Like Louis C.K., Cosby’s com­edy will be raked for clues to his pathol­ogy. We might now say that the arch im­pa­tience of his par­ent­ing jokes were not the comedic fic­tion of a gen­tle man, but a palat­able di­lu­tion of a much darker and ir­ri­ta­ble sanc­ti­mony. If it mat­ters at all, we can now ret­ro­spec­tively find more sin­is­ter echoes. In a short 1968 bit about hu­man­ity’s ban­ish­ment from the Gar­den of Eden, Adam is por­trayed as hap­less and horny, mis­led by the sex­u­ally con­niv­ing Eve. In the same set, speak­ing about his frus­tra­tion with not hav­ing any sons – at the time, Cosby had two very young daugh­ters – the comic riffed: “I wanted sons, and [my wife] came up with these two losers … I love girls. Love, love, love. But I know what boys are after. And I know that boys are ba­si­cally nasty. So it means one thing: pretty soon they’re gonna be com­ing after me – kids com­ing to my house, look­ing for my daugh­ters. They’re gonna be in trou­ble, Jack.”

One might nod or shud­der at this quote, but I’m not sure this kind of anal­y­sis is mean­ing­ful, or even ac­cu­rate. Comics have al­ways lifted ma­te­rial from per­sonal ex­pe­ri­ence – have be­come art­ful tour guides of their own neu­roses, or of­fered their vul­ner­a­bil­i­ties as the me­di­ae­val head in the pub­lic stock. Yet mem­oir is also mixed with fic­tion, ex­ag­ger­a­tion, af­fec­ta­tion. Roles are as­sumed. To treat a comic as a re­li­able nar­ra­tor – to con­sider their sets as tes­ti­mony un­der oath – is ex­ces­sively lit­eral. Per­haps there are trace el­e­ments of Cosby’s crimes in his com­edy. There were cer­tainly traces of C.K.’s in his. But Cosby’s gift for com­part­men­tal­is­ing is ob­vi­ous now. More im­por­tant is that for decades his power helped ren­der his vic­tims silent, or their sto­ries un­heard or dis­be­lieved.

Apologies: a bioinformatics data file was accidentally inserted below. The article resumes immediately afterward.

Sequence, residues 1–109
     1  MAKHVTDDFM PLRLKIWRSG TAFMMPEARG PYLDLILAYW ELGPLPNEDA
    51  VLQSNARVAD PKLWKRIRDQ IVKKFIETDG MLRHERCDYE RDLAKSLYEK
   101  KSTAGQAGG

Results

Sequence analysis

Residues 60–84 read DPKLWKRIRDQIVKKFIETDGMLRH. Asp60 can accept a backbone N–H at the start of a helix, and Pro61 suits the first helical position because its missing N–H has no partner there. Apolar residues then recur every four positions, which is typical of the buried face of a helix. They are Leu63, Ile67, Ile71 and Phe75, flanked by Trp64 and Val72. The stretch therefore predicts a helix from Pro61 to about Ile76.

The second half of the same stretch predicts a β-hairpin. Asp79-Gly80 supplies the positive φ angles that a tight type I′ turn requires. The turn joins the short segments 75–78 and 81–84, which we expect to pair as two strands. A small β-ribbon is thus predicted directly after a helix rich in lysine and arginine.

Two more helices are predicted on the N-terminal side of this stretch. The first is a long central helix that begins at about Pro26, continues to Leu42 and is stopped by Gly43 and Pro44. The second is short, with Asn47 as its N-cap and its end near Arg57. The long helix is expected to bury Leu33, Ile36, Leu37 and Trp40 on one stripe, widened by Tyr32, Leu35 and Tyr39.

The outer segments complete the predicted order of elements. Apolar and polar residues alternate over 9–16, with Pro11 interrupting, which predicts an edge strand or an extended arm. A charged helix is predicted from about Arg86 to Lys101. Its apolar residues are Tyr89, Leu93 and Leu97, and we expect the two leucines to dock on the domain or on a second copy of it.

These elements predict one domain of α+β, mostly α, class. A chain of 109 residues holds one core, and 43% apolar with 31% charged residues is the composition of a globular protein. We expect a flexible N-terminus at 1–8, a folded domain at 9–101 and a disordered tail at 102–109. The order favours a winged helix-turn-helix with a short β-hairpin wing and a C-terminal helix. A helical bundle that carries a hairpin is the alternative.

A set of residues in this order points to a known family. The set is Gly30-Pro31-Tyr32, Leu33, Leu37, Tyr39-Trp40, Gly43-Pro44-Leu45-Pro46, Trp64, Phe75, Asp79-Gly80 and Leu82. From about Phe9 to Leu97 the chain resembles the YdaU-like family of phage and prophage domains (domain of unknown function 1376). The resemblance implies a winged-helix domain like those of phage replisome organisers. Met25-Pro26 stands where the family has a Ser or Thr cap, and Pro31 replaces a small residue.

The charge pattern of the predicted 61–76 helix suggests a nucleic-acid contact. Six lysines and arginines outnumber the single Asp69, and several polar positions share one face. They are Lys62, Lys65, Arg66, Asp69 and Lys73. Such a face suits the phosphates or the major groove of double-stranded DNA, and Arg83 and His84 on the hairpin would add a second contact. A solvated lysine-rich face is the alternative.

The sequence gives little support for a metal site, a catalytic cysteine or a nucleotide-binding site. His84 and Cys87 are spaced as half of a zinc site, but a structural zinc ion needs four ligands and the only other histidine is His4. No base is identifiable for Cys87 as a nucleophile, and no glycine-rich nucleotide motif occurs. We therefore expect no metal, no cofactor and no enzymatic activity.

I wrote last year of Louis C. K.’s art be­ing one long con­fes­sion from a com­i­cally af­fected mis­an­thrope. His mis­an­thropy burst vol­ubly from within – of­ten from his own be­lit­tling and un­tame­able li­bido. He was both Cosby’s Adam and the fu­ture boyfriend of Cosby’s daugh­ters. It’s hardly ex­cul­pa­tory, but un­like Cosby, C.K. was never con­vinced of his own rec­ti­tude. In fact, his com­edy de­pended on its op­po­site: here’s how you and I both suck. Per­haps in­cur­ably.

Cosby – a se­rial rapist – be­came a sten­to­rian moral­ist, a man who proudly wore the ep­i­thet of Amer­ica’s Dad.

From the 1980s he be­came one of those out­sized moral paragons that Amer­ica loves sculpt­ing. Late in that decade, when The Cosby Show ruled the rat­ings, Cosby pub­lished three best­sellers, mostly ghost­writ­ten. They all sold in the mil­lions. Fa­ther­hood be­came a cul­tural touch­stone. It was in­tro­duced by Alvin F. Pous­saint, MD – a close friend and the man to whom Cosby re­ferred Mike Tyson for coun­selling. Within a few years, in hard­cover alone, its dull mix of sar­donic one-lin­ers and folksy wis­dom had sold

2.5 mil­lion copies. In a 1991 episode of

The Simp­sons, Homer, alien­ated from Bart, con­sults the book in des­per­a­tion. I think my own fa­ther had a copy on his shelves. “Fa­ther­hood is pre­tend­ing the present you love most is soap-on-a-rope.”

In Cosby’s 1990 book, Love and Mar­riage, his daugh­ters now grown up, he re­turns to the theme of men’s ra­pa­cious­ness: “Ev­ery time a young man comes to my house for one of my daugh­ters, I have wanted to take them aside and say: You’re not like me, are you? If you are, then I know what you want and I hope you have the same ter­ri­ble luck … I hope you’re on a mis­sion im­pos­si­ble. And one more thing: I may have to kill you, but it will be noth­ing per­sonal.”